All Zoomed Out and Nothing to Apply For?
There’s got to be something you can apply for during this time when we’re stuck and not able to be in the lab as much as we’d like. I’ve rounded up a few links, in case you missed them. I separated them into four categories, because it’s actually pretty confusing. 1) New NIH Covid-related submissions 2) $ for adding a Covid twist to existing research 3) FOAs that aren’t directly related to Covid but have exended application dates and 4) New Covid-related NSF funding. So, no more excuses, there is definitely something to apply for. Right now. And….
https://vimeo.com/108899775 (a little humor for those as sick of Zoom as I am).
1) Rolling Submission New Covid Opportunities
On May 6th, NIAID released two “New R01, R21 Pair of COVID-19 Emergency FOAs With Rolling Submission. The two FOAs are ideal for applicants proposing new coronavirus-related research projects. They feature rolling submission, meaning you can submit an application as soon as it is ready and NIAID will review it in an expedited fashion.” Hooray for rolling submission. It’s exactly what we need in these unpredictable times, when everyone is scattered and having to work over Zoom or whatever.
2) Special Covid-related Supplements, Including for Behavioral Sciences
The NIH also released this Notice of Special Interest (NOSI) regarding the Availability of Administrative Supplements and Urgent Competitive Revisions for Research on the 2019 Novel Coronavirus and the Behavioral and Social Sciences. https://grants.nih.gov/grants/guide/notice-files/not-od-20-097.html. Here’s what they are looking for:
“This NOSI encourages urgent competitive supplements and administrative supplements to existing longitudinal studies that address key social and behavioral questions related to the COVID-19 pandemic, including adherence to and transmission mitigation from various containment and mitigation efforts; social, behavioral, and economic impacts from these containment and mitigation efforts; and downstream health impacts resulting from these social, behavioral, and economic impacts, including differences in risk and resiliency based on gender, race and ethnicity, socioeconomic status, and other social determinants of health.” Notice Number: NOT-OD-20-097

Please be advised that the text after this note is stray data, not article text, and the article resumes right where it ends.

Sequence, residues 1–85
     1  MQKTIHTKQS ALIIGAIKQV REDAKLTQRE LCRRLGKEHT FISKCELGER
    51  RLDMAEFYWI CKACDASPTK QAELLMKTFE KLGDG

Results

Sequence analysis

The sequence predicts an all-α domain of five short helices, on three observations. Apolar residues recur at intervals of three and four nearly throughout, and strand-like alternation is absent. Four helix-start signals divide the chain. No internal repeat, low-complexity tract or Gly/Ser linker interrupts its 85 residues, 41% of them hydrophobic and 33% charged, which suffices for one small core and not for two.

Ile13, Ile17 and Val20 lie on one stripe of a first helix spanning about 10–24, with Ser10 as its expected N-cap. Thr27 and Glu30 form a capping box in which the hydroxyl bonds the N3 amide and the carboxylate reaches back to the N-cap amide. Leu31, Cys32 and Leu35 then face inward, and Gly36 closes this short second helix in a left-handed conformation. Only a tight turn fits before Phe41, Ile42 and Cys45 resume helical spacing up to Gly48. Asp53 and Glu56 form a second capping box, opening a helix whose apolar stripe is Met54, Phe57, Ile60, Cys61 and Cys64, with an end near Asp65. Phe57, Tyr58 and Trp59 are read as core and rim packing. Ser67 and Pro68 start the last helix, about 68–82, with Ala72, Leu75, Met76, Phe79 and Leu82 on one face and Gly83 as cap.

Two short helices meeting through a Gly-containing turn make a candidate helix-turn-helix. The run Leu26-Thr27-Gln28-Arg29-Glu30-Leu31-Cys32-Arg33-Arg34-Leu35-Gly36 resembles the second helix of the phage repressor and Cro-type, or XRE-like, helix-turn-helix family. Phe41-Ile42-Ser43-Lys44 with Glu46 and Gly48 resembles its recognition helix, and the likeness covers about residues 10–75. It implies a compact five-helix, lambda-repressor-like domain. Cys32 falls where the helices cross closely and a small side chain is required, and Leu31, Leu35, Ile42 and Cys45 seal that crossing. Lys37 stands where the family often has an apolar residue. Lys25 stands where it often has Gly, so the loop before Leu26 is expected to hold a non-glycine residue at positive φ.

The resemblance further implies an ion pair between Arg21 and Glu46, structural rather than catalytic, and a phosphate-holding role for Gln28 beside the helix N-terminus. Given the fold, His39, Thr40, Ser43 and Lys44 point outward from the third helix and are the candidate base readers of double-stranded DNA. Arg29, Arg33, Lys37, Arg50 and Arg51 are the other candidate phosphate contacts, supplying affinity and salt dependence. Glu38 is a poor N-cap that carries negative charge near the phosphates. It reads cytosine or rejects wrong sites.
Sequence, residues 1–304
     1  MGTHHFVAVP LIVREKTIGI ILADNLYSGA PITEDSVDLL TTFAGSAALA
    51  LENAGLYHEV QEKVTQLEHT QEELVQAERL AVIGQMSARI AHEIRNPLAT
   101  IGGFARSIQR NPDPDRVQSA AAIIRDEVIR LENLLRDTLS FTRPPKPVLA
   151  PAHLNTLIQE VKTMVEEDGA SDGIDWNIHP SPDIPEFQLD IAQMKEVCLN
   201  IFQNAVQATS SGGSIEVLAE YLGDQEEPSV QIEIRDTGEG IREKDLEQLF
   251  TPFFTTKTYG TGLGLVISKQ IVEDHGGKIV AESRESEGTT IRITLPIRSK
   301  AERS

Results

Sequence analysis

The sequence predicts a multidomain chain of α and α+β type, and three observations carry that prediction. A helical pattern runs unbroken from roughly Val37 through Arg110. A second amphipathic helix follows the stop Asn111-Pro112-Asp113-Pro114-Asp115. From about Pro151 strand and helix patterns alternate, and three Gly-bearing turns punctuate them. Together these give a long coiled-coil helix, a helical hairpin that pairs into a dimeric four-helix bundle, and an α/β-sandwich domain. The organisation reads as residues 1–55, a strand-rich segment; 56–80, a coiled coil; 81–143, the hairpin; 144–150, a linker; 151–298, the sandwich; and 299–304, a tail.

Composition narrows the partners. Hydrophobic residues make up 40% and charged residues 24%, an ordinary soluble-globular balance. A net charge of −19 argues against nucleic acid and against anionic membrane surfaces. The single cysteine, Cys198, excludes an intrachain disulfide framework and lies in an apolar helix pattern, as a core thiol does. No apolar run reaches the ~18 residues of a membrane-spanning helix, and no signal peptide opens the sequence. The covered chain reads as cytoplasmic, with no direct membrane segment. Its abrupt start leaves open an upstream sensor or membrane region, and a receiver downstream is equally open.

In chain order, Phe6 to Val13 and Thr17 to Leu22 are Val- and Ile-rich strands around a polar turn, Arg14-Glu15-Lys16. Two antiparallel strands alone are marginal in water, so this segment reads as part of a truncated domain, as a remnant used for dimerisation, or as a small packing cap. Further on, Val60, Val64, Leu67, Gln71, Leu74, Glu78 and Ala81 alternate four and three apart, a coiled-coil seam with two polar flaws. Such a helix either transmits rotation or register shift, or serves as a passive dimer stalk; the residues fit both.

As far as I understood, you can ask for money to tack on research related to Covid to ongoing longitudinal studies on other, related topics.
3) NIAID Released Emergency Covid NOSI:
Notice of Special Interest (NOSI) regarding the Availability of Emergency Competitive Revisions for Research on Severe Acute Respiratory Syndrome Coronavirus 2 (SARS-CoV-2) and Coronavirus Disease 2019 (COVID-19). This NOSI “highlight[s] the need for research on Severe Acute Respiratory Syndrome Coronavirus 2 (SARS-CoV-2) and Coronavirus Disease 2019 (COVID-19). NIAID is particularly interested in projects focusing on viral natural history, pathogenicity, transmission, as well as projects developing medical countermeasures and suitable animal models for pre-clinical testing of vaccines and therapeutics against SARS-CoV-2/COVID-19. NIAID is therefore offering Competitive Revisions to active NIAID grants addressing research objectives described below.” https://grants.nih.gov/grants/guide/notice-files/NOT-AI-20-034.html
4) List of Delayed Funding Calls
NIH/NIGMS announced on May 5th that they were delaying many deadlines until June 2020. All of the funding calls listed here are now due June 30th (see bottom of newsletter for list). Not a ton of time, but better than a kick in the teeth, as my mother would say!
5) NSF Rapid Response Research Funding
NSF encourages the research community to respond to this challenge through existing funding opportunities. In addition, we invite researchers to use the Rapid Response Research (RAPID) funding mechanism, which allows NSF to receive and review proposals having a severe urgency with regard to availability of or access to data, facilities or specialized equipment as well as quick-response research on natural or anthropogenic disasters and similar unanticipated events. Requests for RAPID proposals may be for up to $200K and up to one year in duration. Well-justified proposals that exceed these limits may be entertained. All questions should be directed either to a program officer managing an NSF program with which the research would be aligned or to [email protected]. Proposals in response to this DCL may also request the use of NSF-funded. https://www.nsf.gov/pubs/2020/nsf20052/nsf20052.pdf
PAR-19-367 “Maximizing Investigators’ Research Award (R35 – Clinical Trial Optional)”
PAR-20-102 “IDeA Networks of Biomedical Research Excellence (INBRE) (P20 Clinical Trial Optional)”
PAR-19-219 Maximizing Access to Research Careers (T34)
PAR-19-218 Undergraduate Research Training Initiative for Student Enhancement (U-RISE) (T34)
PAR-19-102 Graduate Research Training Initiative for Student Enhancement (G-RISE) (T32)
PAR-17-341 National Institute of General Medical Sciences Ruth L. Kirschstein National Research Service Award (NRSA) Predoctoral Institutional Research Training Grant (T32)
PAR-19-036 Medical Scientist Training Program (T32)
PAR-20-041 Support of Competitive Research (SCORE) Research Continuance Award (SC3 – Clinical Trial Not Allowed)
PAR-20-040 Support of Competitive Research (SCORE) Pilot Project Award (SC2 – Clinical Trial Not Allowed)
PAR-20-039 Support of Competitive Research (SCORE) Research Advancement Award (SC1 – Clinical Trial Not Allowed)
PAR-20-104 Biomedical Technology Development and Dissemination Center (RM1 – Clinical Trial Not Allowed)
PAR-20-103 Collaborative Program Grant for Multidisciplinary Teams (RM1 – Clinical Trial Optional)
PAR-20-115 Limited Competition: Centers of Biomedical Research Excellence (COBRE) Phase III – Transitional Centers (P30 Clinical Trial Optional)